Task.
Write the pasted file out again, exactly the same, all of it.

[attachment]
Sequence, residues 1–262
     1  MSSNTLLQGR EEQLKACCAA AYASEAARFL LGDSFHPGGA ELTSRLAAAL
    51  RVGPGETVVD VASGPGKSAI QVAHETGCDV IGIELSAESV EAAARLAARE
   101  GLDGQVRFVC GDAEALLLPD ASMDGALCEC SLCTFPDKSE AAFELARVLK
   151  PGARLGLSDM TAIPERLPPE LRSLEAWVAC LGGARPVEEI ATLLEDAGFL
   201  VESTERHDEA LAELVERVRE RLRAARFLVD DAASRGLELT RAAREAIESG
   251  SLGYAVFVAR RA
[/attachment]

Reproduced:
Sequence, residues 1–262
     1  MSSNTLLQGR EEQLKACCAA AYASEAARFL LGDSFHPGGA ELTSRLAAAL
    51  RVGPGETVVD VASGPGKSAI QVAHETGCDV IGIELSAESV EAAARLAARE
   101  GLDGQVRFVC GDAEALLLPD ASMDGALCEC SLCTFPDKSE AAFELARVLK
   151  PGARLGLSDM TAIPERLPPE LRSLEAWVAC LGGARPVEEI ATLLEDAGFL
   201  VESTERHDEA LAELVERVRE RLRAARFLVD DAASRGLELT RAAREAIESG
   251  SLGYAVFVAR RA